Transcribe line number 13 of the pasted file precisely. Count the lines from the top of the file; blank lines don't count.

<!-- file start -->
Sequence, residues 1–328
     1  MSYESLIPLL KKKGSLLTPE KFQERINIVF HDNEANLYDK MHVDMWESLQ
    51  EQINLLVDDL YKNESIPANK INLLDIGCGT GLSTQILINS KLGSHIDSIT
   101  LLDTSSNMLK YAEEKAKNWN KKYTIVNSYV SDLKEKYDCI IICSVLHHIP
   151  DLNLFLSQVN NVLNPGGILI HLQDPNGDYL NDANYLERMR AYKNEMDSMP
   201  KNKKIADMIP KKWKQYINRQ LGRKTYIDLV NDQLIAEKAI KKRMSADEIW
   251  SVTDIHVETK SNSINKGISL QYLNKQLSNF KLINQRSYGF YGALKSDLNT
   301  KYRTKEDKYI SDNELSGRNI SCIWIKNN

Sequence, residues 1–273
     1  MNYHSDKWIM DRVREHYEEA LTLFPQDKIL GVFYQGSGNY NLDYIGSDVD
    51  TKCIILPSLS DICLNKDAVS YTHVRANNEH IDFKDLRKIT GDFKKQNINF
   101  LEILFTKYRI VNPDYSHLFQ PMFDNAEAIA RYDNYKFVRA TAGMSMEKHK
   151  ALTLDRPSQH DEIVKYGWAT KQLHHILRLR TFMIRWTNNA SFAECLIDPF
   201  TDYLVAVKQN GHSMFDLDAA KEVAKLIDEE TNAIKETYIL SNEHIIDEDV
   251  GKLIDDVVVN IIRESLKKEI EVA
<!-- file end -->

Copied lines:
   151  ALTLDRPSQH DEIVKYGWAT KQLHHILRLR TFMIRWTNNA SFAECLIDPF